In the tradition of its predecessors, "The Things That Are Caesar's" is about the dilemmas of a political aide. But Norman runs a nice twist on the genre: In this book, the aide is also the boss.
The hero of Norman's book is Franklin Livengood Jr., who as he approaches his 40th birthday has been in Kansas politics for nearly three decades. There are people like this in every state capitol. Livengood knows how to manage campaigns, draft legislation, write speeches, and do virtually everything else that political lifers teach themselves to do. He does all of them well, although he is disillusioned with politics and the citizens he has worked for over the years.
"The wisdom of the people--ha!" he complains to a reporter in the first few pages of the book. "They come into my office every day hollering to high heaven for the government to get out of their lives...and then they storm in the next day wanting to know why we haven't solved every little problem they've got."
Cynical or not, Livengood wants to stay in politics; it's the only thing he knows. His problem is that the incumbent governor, for whom he works, is about to retire. He will soon be unemployed. There are numerous candidates for the office, but Livengood doesn't like any of them. He comes up with a better idea: Find a novice, steer him through the campaign, take over as chief of staff, and run the next administration from behind the scenes.
Livengood finds Harley Christianson, a small-town mayor who looks like Gary Cooper, is smart enough to be presentable, and is a decorated Vietnam War hero besides. Christianson slips through the Republican primary by capturing the moderate vote while feuding conservatives divide the rest. He breezes through the general election and becomes governor of Kansas.
I feared, reading through Norman's account of these events, that he would follow one of two tiresome dead-ends. Either Christianson would turn into a monster, corrupted by power and self-importance, or he would be a dolt, playing the foil for his creator and demonstrating the gullibility of the whole system.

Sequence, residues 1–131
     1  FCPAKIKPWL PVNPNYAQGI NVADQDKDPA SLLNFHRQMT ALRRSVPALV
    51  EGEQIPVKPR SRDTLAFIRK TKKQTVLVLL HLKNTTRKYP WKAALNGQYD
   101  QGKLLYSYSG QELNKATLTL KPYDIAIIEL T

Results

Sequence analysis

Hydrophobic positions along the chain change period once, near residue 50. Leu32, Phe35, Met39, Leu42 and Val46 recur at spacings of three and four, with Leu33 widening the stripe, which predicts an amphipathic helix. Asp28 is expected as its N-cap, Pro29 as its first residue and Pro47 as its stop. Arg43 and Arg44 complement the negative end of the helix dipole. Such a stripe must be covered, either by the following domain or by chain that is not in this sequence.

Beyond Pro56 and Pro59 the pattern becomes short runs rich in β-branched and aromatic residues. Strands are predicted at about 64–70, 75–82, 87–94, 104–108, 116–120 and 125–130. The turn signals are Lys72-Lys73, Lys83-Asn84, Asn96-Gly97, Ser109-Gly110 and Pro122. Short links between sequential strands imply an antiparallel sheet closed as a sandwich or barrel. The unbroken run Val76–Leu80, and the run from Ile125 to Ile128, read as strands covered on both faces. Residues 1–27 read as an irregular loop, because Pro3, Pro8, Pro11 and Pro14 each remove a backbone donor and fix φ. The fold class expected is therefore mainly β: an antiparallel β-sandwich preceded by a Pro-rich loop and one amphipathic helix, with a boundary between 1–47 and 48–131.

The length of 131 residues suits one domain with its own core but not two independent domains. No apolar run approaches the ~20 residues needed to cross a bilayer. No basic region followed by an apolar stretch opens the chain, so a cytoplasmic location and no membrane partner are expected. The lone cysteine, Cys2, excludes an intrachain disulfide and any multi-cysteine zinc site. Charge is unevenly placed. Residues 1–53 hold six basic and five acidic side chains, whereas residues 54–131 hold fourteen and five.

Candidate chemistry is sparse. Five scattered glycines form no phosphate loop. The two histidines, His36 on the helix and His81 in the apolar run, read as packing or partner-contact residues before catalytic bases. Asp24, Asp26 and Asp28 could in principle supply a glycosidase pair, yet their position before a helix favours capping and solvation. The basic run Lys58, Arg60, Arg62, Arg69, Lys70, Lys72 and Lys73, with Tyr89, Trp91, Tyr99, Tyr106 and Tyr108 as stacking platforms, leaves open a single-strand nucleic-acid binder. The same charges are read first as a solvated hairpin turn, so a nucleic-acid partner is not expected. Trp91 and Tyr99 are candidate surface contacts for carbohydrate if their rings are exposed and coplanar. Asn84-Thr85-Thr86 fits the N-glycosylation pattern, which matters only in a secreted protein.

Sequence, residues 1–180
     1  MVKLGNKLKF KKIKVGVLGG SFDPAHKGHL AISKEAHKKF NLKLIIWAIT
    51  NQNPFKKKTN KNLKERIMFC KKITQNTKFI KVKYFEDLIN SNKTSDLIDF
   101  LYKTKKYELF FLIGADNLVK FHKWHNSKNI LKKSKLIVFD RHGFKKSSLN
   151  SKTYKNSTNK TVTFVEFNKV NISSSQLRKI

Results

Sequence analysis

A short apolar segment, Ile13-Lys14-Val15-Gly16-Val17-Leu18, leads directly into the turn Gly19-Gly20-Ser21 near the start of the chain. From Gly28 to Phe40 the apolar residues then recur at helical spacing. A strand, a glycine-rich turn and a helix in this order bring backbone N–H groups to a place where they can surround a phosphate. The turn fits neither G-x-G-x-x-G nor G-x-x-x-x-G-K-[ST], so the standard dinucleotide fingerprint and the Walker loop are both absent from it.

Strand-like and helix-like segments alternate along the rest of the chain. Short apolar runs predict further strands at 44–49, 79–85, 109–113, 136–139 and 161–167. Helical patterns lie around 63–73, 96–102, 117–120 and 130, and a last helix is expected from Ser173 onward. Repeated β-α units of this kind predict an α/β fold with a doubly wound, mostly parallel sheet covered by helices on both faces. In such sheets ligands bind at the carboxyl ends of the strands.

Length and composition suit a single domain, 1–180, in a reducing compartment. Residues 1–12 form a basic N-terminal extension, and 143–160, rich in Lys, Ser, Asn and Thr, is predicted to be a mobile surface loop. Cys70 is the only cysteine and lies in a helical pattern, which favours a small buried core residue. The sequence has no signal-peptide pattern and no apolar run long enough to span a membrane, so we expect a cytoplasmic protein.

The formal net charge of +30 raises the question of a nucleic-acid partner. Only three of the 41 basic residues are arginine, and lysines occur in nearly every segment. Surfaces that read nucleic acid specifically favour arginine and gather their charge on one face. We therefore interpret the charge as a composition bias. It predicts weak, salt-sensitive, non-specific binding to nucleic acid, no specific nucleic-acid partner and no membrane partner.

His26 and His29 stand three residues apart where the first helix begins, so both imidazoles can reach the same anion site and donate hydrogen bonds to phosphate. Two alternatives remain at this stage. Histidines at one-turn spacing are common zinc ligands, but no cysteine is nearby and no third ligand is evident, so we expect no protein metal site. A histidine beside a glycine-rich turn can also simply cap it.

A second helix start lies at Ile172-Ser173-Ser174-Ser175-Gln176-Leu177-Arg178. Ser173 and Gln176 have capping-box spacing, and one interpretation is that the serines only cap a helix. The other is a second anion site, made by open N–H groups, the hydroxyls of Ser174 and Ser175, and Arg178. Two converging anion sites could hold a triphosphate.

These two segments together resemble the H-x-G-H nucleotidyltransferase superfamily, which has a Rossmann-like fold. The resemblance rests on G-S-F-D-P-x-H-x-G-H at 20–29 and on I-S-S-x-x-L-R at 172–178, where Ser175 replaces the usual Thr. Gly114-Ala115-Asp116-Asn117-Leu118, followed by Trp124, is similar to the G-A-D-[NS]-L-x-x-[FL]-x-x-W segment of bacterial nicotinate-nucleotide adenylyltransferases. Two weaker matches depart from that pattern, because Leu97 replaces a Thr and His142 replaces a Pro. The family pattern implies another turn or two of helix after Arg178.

But Christianson is neither of these things. He is a decent man who combines modest ability and genuine integrity, sort of a Gerald Ford of state government. His first two years in office are benign but uneventful. Only in the third year does he decide what he would like to be remembered for: cleaning up pollution in the state's rivers.
It is the story of that idea, and Livengood's desperate schemes to succeed with it, that bring the book to its climax. Ultimately there is a floor fight in the State Senate involving a package of deals so complicated that it's virtually impossible to keep them all straight-- and yet the very complexity of the enterprise paints a portrait of political frenzy on the last day of a legislative session that very few writers, of fiction or nonfiction, have managed to do successfully.
One advantage that novelists of state politics usually have over novelists of Washington is the presence of a physical landscape. Epps starts his book with a Virginia geography lesson; Brammer begins with a description of the Texas hill country. Norman leads the reader on a campaign tour of Kansas that takes in everything from the plains near the Colorado border to the suburban subdivisions of Wichita and the campus bars at Kansas University in Lawrence.
But the landscape that the author paints most vividly is the social and moral landscape of state politics in the first decade of the new century. It's a politics in which the Republican Party--nominally the majority party--is fractured by angry differences between religious conservatives and the affluent suburbanites who make up much of the party's traditional base. In real-life Kansas, this Republican feud led last year to the election of a Democratic governor. In Norman's novel, it generates a series of verbal and physical confrontations that drive home the sheer ferocity of political argument in a state that most of the country mistakenly associates with quiet Midwestern reasonableness.
In fact, as the author makes clear, Kansas has been a hotbed of moral activism--even fanaticism--since its founding before the Civil War. From the abolitionism of John Brown to the ax-wielding temperance crusades of Carry Nation to the anti-abortion and creationist zeal of the 1990s, the state has specialized in moral arguments of violent, sometimes murderous, intensity. What Norman is telling us is that Kansas isn't Iowa, and it isn't Nebraska. It's a unique place, with a unique history and a unique mixture of emotions that periodically drive its political system beyond the borders of common sense.
For anyone who wants to understand American politics, that's a useful piece of information. It's one that can be learned from political scientists and historians, but sometimes a novelist with a sure sense of his territory can get the same point across better. That's why it's good news that novelists are still telling stories about state politics, and even better news that every few years, a writer comes from clear out of nowhere to do it well.